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 Post subject: hard wired items
PostPosted: Mon Jun 03, 2013 7:05 pm 
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Joined: Sun May 15, 2011 2:55 pm
Posts: 14
Hi could some one tell me under the new regs for portable appliances states that all hard wired items that are wired into a fused connection box have to be disconected and tested so does this apply to emersion heaters as well or are thay classed as fixed even if wired into a fused conection box thanks richard


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 Post subject: Re: hard wired items
PostPosted: Tue Jun 04, 2013 12:38 pm 
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Joined: Wed Sep 08, 2010 2:47 pm
Posts: 117
Location: Cornwall
Hi Richard

Hopefully some of our members can give you advice on this subject but you might want to try the PAT group on LinkedIn and PAT Testing Network on Facebook.

Regards,
Lorna


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 Post subject: Re: hard wired items
PostPosted: Tue Jun 04, 2013 7:04 pm 
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Joined: Sun May 15, 2011 2:55 pm
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thanks Lorna will have a look


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 Post subject: Re: hard wired items
PostPosted: Wed Jun 05, 2013 7:57 pm 
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Joined: Thu Nov 27, 2008 1:58 pm
Posts: 84
Location: Plymouth
Hi Richard Carver.
I would suggest that if you only have the C & G qualification in PAT testing then you aren't competent in being able to safely isolate the circuit (No offence intended). Removal of the spur's fuse isn't safe isolation.

Also consider.
Is there enough info available to identify which breaker isolates the circuit? Trial and error wouldn't be tolerated in the work place (whoops you've just cut the power to the accounts department!!!!)
Are you 110% sure that only that appliance will be turn off?

Obviously testing hard wired appliances will take alot longer, cause more disruption and will cost the company a lot more.

I've got nurseries, banks, doctors, industrial units, garages, building sites. All sorts but none of them want me there outside of their normal working hours so powering down circuits is not an option.

Generally beyond the scope of PAT but could be done during fixed wiring checks and yes they should be tested.

Hope that helps


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 Post subject: Re: hard wired items
PostPosted: Thu Jun 06, 2013 12:46 pm 
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Joined: Sat Nov 20, 2010 10:08 pm
Posts: 38
Rich wrote:
Generally beyond the scope of PAT but could be done during fixed wiring checks and yes they should be tested.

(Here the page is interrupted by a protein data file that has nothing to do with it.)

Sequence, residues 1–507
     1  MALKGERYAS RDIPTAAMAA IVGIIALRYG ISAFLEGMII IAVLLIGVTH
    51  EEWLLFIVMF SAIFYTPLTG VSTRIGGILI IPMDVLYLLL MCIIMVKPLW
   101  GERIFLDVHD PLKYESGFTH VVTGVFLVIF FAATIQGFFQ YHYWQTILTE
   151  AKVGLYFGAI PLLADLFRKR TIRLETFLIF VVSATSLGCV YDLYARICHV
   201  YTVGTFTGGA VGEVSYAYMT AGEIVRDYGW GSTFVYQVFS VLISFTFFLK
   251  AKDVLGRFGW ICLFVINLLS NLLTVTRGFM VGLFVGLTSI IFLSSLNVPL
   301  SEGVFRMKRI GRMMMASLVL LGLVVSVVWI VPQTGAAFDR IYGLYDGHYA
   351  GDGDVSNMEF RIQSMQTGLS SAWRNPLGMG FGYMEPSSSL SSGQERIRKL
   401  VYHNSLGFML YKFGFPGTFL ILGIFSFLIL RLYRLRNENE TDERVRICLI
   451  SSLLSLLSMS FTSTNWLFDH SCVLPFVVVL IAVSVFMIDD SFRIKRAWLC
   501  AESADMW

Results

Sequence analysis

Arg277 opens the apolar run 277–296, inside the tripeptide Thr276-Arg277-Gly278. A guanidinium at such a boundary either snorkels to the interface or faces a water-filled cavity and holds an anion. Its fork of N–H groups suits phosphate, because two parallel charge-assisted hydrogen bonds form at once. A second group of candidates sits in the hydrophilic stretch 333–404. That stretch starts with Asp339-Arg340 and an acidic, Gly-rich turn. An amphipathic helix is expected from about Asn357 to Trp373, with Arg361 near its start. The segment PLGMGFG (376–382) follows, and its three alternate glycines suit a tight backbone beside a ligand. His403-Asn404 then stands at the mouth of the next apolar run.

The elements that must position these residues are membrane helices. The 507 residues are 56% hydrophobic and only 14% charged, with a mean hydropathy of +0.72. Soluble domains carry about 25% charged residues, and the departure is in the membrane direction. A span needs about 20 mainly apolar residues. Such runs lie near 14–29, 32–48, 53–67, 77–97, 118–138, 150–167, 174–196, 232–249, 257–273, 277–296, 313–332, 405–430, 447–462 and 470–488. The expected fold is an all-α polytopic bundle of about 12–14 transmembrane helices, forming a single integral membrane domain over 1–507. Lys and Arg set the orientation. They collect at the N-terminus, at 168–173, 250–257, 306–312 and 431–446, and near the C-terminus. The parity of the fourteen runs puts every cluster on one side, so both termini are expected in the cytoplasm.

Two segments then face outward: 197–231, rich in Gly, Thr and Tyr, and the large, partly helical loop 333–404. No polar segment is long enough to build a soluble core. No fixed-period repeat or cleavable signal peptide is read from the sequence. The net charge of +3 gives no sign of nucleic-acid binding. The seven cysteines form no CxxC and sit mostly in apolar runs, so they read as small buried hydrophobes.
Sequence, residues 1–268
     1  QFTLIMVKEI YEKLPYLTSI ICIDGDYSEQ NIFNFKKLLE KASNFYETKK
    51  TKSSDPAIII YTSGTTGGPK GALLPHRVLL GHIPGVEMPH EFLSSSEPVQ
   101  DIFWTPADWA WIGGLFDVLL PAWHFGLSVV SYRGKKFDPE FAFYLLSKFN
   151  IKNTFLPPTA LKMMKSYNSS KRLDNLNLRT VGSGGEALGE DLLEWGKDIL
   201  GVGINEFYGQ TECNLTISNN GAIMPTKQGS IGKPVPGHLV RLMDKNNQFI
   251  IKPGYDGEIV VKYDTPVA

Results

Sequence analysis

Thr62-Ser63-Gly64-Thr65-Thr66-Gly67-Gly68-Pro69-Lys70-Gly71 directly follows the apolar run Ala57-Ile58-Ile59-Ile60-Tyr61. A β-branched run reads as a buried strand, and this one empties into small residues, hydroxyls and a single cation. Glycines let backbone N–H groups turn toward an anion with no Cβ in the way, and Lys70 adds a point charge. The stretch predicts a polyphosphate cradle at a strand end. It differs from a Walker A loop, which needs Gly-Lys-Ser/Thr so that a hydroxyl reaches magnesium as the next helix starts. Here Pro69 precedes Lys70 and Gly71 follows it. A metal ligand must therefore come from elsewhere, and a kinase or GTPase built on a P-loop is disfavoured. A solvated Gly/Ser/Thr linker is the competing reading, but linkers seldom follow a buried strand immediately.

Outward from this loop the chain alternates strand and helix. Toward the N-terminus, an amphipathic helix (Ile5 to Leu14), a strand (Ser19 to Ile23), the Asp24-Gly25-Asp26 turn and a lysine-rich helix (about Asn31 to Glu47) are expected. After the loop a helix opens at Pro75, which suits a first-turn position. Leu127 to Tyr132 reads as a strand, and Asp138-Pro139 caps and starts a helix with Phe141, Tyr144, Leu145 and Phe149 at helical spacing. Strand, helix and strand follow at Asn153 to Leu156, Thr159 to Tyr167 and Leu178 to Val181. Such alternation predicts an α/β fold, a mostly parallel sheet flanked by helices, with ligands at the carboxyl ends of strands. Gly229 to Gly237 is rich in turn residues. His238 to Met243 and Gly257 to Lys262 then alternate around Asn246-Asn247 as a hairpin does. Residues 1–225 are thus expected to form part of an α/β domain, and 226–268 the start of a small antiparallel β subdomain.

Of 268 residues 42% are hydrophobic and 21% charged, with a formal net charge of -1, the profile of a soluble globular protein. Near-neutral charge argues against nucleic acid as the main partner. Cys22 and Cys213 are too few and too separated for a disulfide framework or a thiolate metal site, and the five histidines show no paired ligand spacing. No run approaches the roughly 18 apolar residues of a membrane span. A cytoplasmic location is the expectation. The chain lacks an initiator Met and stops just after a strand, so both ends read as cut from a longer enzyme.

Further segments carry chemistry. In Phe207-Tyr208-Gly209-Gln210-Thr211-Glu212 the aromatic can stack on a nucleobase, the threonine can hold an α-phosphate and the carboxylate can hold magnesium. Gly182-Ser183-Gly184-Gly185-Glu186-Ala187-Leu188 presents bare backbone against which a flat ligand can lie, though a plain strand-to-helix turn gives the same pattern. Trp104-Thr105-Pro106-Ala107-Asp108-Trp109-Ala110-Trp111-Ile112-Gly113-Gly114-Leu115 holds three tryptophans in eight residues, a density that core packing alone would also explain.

The inspection and testing of fixed/hard wired appliances may be beyond the scope of PAT, but is most definitely within the scope of in-service inspection and testing, as evidenced by the Code of Practice for a long while now.
So it doesn't necessarily mean it can only be done during the fixed wiring I&T, nor does it mean that it can't be done during in-service I&T.
The important thing is that whoever is carrying out the work is competent to do so.

So in-service I&T operatives/companies shouldn't dismiss fixed appliance testing out of hand ("it's not portable!"), unless they are not competent to do it.
Nor should fixed wiring testers refuse to do it because "it's an appliance, innit?".
It's down to the duty holder of the premises to contract the correct people to cover all the work needed, and agree what their remit is.

Unfortunately, a lot of testing operatives think that because they have their 2377, and it's covered in the CoP, they must test these sorts of appliances.
A step back, and a brief self-assessment ("Am I competent to carry out this work?") is definitely in order in some cases.

_________________
C&G 2377-01 & -02


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 Post subject: Re: hard wired items
PostPosted: Tue Jun 11, 2013 8:06 pm 
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Joined: Sun May 15, 2011 2:55 pm
Posts: 14
Rich wrote:
Hi Richard Carver.
I would suggest that if you only have the C & G qualification in PAT testing then you aren't competent in being able to safely isolate the circuit (No offence intended). Removal of the spur's fuse isn't safe isolation.

Also consider.
Is there enough info available to identify which breaker isolates the circuit? Trial and error wouldn't be tolerated in the work place (whoops you've just cut the power to the accounts department!!!!)
Are you 110% sure that only that appliance will be turn off?

Obviously testing hard wired appliances will take alot longer, cause more disruption and will cost the company a lot more.

I've got nurseries, banks, doctors, industrial units, garages, building sites. All sorts but none of them want me there outside of their normal working hours so powering down circuits is not an option.

Generally beyond the scope of PAT but could be done during fixed wiring checks and yes they should be tested.

Hope that helps

HI Rich thanks thats helpful will speak to my manager on this


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